Break the Circle in 2011

By Victor Schwartzman
May 2, 2011

A recent issue of the Accessibility News Weekly Newsletter (it could have
been any issue) featured more articles pointing in the same direction:
nowhere. Why?

The problem is not the Newsletter but the news. The news’ direction, as usual, is a circle. 2011 must be the year this circle is broken.

Recent articles reflect ongoing problems in fundamental rights. Voting, to cite one example. To cite another, a few months back an article noted that the Fire Department in a key Ontario city was finally developing an
evacuation plan for people with disabilities. Is the federal government still pushing our Provinces to sign up so we are signatories to the UN human rights document?

Does any new piece of paper matter, given how the old pieces of paper ended up?

There are pushes for Provinces to write new laws on disability rights.

Given the Provinces have a poor record on the old rights, what reason is there to believe the politicians will, first, agree to new laws? And, second, to implement new laws any better than the old ones?

There is every reason to applaud the motivations and energy of disability rights activists, and every reason to question which road is the right one to take. Of course, no single road leads to the solution.

Such efforts can and should continue. At the very least, they ring alarm bells for politicians. Of course there appears to be a profound hearing impairment among politicians, given their response to such alarms.

Yes, there have been improvements, and by golly that is great.

Getting out of the house has long been possible. The stuff that would not be swept under the rug-dips in curbs, ramps into buildings, talking elevators-was done years ago. It is so entrenched there is no worry about
backsliding. There is even a version of ‘public’ transit, although there is so little of it you must build your schedule around it rather than the other way around (around and around: ‘handy transits’ are their own circle.)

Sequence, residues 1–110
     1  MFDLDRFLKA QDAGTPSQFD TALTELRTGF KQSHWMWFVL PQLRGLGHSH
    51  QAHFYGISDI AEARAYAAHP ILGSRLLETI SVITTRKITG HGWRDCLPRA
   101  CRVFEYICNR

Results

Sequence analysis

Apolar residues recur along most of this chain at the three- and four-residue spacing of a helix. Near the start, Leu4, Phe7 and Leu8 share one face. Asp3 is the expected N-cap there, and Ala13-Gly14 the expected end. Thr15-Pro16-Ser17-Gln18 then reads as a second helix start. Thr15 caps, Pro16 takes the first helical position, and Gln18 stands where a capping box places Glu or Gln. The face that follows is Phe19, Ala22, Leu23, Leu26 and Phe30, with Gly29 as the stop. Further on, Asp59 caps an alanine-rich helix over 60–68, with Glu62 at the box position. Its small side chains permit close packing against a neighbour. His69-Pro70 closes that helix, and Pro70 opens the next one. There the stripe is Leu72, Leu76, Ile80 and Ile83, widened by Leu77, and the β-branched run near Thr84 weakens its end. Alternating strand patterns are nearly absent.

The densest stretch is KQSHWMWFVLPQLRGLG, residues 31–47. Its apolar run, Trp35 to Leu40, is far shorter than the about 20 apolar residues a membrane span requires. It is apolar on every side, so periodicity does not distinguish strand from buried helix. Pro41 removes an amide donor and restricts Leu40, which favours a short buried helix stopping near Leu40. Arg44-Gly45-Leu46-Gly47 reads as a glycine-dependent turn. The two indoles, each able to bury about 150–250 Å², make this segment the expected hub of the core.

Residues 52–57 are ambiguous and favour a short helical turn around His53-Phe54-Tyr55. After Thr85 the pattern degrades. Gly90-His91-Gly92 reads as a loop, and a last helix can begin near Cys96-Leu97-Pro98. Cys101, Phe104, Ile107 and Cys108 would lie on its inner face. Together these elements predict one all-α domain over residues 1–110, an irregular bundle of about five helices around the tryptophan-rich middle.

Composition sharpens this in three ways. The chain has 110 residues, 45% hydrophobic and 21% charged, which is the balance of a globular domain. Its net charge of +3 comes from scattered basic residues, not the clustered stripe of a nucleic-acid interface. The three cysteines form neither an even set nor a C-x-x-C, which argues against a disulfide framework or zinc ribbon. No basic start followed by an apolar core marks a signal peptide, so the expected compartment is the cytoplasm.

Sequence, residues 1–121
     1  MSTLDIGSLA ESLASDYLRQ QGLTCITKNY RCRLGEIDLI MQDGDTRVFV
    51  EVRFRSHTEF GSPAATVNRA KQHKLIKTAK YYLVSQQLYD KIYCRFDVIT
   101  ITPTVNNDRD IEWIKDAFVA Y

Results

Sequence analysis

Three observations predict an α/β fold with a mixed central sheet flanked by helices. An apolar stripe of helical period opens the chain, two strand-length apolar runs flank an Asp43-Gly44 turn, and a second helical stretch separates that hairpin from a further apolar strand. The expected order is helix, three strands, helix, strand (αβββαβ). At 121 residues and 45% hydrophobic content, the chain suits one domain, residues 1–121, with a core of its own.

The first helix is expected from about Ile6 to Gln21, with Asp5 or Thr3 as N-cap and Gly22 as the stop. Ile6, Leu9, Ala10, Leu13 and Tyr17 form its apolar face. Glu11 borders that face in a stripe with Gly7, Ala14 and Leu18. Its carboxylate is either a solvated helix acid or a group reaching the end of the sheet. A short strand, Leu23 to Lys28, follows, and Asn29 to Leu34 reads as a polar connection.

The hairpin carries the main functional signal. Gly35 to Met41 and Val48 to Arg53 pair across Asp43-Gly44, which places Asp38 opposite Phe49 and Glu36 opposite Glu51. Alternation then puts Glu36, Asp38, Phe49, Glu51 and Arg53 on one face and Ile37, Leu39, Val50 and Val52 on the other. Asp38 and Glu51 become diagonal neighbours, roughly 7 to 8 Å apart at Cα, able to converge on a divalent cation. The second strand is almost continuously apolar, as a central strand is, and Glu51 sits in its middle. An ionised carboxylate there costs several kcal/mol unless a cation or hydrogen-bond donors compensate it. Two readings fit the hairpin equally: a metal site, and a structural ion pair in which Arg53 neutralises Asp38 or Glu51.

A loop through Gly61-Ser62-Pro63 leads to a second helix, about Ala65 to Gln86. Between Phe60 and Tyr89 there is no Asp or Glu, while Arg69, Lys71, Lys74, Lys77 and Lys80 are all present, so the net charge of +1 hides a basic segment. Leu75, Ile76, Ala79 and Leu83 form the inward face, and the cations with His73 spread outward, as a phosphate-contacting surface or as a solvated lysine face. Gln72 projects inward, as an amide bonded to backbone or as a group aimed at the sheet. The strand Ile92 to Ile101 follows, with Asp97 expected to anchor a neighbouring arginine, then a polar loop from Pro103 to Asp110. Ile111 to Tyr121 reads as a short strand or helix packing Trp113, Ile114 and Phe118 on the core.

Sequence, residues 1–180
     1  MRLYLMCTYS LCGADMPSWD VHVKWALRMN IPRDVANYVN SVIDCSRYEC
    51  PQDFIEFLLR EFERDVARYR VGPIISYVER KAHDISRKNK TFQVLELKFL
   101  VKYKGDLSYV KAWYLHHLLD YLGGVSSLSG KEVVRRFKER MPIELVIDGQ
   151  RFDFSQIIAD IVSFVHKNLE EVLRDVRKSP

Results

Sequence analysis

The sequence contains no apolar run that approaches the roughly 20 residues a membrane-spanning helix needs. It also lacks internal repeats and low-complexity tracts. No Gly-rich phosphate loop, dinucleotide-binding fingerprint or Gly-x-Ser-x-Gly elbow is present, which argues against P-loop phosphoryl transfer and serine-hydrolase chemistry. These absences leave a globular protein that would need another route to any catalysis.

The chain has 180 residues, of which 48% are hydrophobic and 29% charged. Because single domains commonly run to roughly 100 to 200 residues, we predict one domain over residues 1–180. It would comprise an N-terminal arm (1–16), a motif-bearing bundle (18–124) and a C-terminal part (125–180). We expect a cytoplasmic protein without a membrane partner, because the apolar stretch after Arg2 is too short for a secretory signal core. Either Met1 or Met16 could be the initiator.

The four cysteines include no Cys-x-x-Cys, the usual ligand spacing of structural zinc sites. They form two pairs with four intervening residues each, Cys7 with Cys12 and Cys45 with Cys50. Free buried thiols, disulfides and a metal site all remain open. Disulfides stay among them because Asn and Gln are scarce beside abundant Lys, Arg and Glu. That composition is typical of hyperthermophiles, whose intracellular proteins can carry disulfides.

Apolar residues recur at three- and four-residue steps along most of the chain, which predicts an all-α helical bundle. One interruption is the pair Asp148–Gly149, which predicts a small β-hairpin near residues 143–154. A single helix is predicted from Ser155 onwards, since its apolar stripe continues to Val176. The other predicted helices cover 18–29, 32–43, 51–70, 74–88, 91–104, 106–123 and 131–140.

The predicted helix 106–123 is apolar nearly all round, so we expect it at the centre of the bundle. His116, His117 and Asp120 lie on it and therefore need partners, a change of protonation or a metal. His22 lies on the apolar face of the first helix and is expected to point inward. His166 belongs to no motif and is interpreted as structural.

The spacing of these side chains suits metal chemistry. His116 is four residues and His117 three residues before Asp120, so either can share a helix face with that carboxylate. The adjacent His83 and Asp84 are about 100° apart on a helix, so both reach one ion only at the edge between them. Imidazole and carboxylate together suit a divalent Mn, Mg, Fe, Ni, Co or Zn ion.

Why has all that been done? Because that type of accommodation is a lot less expensive and involving than pursuing accommodation inside the building. Has any city or Province met, regularly or otherwise, its
affirmative action target for employing people who have a disability? How many cities and Provinces do not even have a plan to increase the employment of people who have a disability?

The pat-yourself-on-the-back stuff is easy. The stuff that costs something, that’s a lot harder.

It is hardly a secret that most governments pursued community living not because they truly believed in the philosophy but because it enabled them to save a lot of money. It was far less expensive to pay people minimal amounts of money to living in substandard rooming houses than it was to
maintain expensive facilities.

The evidence that governments cheated?

Where is the network of services necessary to assist people with physical and mental health challenges who live in the community (as they should)?

Was not the community living concept to be supported by extensive services for those who needed them?

If you are asking where the services are, we are back to the circle analogy.

Not only were services not improved, they are now being cut back or being threatened with cutbacks.

More pressure must be put on politicians. And in different ways than have been tried before. Yes, pressure for better laws should continue, along with pressure to better implement laws already on the books.

What would a politician walking into the office each morning think if, every day, there was a person with a visible disability sitting in the waiting room? Not asking for an appointment exactly, but when asked, saying he or she is waiting for their rights?

And what if each City Councillor met with the person, thought it was done, and the next morning there is another person waiting?

And what if that also happened with MLAs?

This commitment does not call for much. Just showing up every day. But this author has enormous faith in the shameless use of Guilt for the Better Good. And the politicians are capable of feeling guilty. And after a few weeks, they’ll start to do something.

Maybe it is only to give those people with visible disabilities some rights so they will become ‘invisible’ again.

Who cares? Politicians may not be reasoned into proper action, but they can be shamed. Break the circle in 2011!